Each packet has a number of information such as the unit number, a destination IP address and a sequence number . These information allow the packets to arranged in a chronological order and allow the recipient to be able to re-order the packets to gain access to the information. TCP/IP implementations differ in the approach they take to deciding on datagram size.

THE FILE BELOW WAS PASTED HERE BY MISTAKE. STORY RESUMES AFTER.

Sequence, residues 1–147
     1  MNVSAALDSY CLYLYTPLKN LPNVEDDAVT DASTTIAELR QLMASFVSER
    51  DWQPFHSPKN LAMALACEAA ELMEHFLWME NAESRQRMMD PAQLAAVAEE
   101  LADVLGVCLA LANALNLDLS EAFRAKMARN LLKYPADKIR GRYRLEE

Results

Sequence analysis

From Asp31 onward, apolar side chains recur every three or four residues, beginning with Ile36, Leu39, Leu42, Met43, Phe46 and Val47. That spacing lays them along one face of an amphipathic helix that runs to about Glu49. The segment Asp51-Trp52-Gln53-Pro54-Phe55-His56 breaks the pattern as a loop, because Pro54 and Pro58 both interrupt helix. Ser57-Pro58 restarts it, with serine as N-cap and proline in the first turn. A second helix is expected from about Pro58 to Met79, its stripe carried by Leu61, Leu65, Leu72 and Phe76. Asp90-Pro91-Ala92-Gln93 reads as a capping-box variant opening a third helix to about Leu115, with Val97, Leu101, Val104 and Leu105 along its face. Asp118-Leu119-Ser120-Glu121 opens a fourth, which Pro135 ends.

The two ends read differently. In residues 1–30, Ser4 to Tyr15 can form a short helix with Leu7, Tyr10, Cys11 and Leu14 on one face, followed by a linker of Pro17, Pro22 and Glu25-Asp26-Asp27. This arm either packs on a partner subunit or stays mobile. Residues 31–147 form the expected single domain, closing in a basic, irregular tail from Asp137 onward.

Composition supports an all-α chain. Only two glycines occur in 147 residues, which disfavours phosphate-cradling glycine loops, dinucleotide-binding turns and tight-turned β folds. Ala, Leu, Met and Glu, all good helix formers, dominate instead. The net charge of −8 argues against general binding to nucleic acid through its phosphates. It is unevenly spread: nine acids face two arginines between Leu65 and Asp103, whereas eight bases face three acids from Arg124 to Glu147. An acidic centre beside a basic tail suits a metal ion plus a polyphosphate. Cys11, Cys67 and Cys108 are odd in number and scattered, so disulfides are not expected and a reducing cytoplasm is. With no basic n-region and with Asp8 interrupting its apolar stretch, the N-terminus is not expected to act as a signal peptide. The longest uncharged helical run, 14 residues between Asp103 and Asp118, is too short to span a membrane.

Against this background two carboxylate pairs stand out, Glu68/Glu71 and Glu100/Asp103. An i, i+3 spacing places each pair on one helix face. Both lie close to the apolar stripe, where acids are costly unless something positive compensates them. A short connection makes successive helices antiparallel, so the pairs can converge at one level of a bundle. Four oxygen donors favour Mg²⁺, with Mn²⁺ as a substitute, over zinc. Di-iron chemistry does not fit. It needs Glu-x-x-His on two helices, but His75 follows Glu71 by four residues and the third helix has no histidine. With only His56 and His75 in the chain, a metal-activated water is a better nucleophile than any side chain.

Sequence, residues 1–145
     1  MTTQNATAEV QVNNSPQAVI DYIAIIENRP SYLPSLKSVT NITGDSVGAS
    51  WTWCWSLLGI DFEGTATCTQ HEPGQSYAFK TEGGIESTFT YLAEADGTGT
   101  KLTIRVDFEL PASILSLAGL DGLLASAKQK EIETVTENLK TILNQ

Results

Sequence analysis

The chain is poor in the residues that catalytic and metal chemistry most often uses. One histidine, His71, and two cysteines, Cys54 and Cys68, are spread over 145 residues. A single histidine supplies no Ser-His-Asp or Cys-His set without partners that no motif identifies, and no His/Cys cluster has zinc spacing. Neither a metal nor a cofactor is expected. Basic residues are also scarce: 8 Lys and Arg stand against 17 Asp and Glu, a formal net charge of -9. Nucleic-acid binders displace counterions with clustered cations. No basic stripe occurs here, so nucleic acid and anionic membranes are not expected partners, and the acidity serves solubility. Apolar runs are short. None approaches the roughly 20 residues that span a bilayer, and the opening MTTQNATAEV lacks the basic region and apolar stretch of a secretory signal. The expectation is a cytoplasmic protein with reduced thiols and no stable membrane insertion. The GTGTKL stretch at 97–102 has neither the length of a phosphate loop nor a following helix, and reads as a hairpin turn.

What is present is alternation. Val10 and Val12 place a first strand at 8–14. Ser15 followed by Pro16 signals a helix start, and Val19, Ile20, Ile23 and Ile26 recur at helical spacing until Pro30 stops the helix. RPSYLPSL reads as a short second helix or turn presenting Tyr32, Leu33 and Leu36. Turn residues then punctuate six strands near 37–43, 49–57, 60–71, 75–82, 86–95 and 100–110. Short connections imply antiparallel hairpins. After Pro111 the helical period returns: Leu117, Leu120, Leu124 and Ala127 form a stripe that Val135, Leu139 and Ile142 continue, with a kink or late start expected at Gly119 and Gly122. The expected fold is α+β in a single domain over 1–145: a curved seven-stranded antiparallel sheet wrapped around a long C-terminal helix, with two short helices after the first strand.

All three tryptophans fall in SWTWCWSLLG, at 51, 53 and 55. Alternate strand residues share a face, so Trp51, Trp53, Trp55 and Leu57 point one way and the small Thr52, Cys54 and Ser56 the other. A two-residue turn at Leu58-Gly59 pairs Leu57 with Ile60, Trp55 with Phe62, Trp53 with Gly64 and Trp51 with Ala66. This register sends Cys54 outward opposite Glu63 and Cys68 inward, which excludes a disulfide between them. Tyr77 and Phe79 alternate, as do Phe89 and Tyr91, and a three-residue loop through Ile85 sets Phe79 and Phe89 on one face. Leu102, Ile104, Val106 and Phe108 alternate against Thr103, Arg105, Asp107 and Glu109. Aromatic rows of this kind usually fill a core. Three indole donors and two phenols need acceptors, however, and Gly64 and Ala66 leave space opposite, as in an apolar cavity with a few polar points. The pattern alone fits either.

This header actually contains at least 20 octets, but the most important ones are a source and destination “port number” and a “sequence number”. The port numbers are used to keep track of different conversations. Your TCP might allocate port numbers 1000, 1001, and 1002 to these transfers. When you are sending a datagram, this becomes the “source” port number, since you are the source of the datagram. Of course the TCP at the other end has assigned a port number of its own for the conversation.